Monday 18 January 2021
Activist short sellers are on the rise. The practice of identifying a fraudulent or overvalued company, taking a short position, and then writing a scathing research report and releasing it to the public has become big business. Australian alternative asset manager Blue Sky Alternative Investments saw the effect as an activist short seller report spooked the market and sent their business into receivership. One notable short selling name is US-based Muddy Waters Research that have identified a string of fraudulent Chinese companies.
This article from Institutional Investor has taken a look at the practice of activist short selling and raised questions about the money behind it. It labels firms like Muddy Waters ‘balance sheet’ short sellers, that often financially support smaller short sellers to publish their research.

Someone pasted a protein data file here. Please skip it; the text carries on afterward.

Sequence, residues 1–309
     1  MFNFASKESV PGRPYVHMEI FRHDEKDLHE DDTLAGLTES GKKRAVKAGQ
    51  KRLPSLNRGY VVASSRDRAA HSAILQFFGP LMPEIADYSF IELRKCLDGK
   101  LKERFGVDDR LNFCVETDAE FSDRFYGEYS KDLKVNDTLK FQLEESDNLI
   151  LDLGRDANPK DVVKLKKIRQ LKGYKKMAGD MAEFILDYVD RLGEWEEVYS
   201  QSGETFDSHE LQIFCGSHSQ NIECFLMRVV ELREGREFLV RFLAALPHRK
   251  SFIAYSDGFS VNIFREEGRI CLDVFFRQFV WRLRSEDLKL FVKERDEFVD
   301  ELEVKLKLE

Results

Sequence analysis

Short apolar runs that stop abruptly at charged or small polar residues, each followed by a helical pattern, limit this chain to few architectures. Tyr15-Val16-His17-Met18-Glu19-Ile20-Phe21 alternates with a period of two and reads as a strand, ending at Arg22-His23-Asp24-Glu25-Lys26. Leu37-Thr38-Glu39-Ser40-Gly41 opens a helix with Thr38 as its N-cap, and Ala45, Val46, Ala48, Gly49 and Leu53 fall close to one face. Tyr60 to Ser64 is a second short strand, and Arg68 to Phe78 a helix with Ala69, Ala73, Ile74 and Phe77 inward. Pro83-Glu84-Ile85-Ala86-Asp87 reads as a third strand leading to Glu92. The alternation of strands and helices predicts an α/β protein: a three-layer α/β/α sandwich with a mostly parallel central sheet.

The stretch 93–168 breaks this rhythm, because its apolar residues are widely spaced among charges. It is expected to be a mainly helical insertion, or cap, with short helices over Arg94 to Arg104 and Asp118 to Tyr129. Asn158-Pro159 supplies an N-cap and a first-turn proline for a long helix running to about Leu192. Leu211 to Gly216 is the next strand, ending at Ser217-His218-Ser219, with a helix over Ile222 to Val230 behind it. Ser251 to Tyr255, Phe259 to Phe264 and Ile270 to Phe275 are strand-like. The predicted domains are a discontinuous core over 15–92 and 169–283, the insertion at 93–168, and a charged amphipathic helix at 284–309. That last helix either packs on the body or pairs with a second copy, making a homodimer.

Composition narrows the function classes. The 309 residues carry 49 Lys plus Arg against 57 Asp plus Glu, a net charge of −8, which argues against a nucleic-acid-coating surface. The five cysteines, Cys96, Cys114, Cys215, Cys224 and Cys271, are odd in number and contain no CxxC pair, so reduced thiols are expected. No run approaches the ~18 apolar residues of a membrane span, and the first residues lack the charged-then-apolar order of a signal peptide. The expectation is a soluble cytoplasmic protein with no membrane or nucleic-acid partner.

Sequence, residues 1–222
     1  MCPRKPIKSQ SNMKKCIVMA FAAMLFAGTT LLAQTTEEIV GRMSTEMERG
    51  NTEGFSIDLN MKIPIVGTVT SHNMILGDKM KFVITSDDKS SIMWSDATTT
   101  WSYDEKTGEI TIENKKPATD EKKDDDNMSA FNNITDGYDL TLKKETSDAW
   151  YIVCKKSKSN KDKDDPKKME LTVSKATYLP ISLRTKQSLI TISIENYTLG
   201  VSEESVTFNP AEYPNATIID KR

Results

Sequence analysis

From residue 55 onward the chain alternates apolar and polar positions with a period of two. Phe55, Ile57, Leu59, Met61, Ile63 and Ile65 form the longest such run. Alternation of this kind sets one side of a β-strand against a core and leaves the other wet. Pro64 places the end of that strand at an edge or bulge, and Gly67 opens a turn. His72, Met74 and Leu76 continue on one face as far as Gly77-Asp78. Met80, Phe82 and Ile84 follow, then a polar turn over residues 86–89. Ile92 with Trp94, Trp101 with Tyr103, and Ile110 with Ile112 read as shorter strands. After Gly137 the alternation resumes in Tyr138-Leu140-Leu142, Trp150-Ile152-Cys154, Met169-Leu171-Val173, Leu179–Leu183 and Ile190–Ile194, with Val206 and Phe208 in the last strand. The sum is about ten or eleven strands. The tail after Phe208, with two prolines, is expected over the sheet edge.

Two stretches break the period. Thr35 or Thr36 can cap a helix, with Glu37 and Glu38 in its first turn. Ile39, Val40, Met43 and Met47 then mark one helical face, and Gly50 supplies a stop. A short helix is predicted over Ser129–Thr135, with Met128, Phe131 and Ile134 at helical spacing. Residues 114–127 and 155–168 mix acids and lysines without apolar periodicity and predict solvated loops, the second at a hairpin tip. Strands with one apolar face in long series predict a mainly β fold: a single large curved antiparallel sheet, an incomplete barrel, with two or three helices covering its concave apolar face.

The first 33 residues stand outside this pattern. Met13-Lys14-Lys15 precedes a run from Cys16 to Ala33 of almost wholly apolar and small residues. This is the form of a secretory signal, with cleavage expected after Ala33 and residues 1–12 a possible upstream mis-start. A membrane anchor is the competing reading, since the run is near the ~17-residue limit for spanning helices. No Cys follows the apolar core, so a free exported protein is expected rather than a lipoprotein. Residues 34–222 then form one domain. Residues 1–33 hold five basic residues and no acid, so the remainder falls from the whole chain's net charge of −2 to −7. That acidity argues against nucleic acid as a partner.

While this article looks to raise controversy, we can’t see it. Short sellers are the most hated pocket of the market, investors and company executives alike don’t like short sellers criticising stocks they hold or companies they work for. Yet, the long list of companies that short sellers have exposed where market regulators have failed is justification enough for these short sellers to exist.
Sure, there are some short sellers that try and made a quick buck by closing out their short immediately after a short seller report is released. Yet, over the long term, if these short sellers are wrong these companies will recover. If they are right, they are serving an important role in the information discovery process of public markets. It is just a reminder of Benjamin Graham’s quote, “in the short run, the market is like a voting machine – tallying up which firms are popular and unpopular. But in the long run, the market is like a weighing machine – assessing the substance of a company.”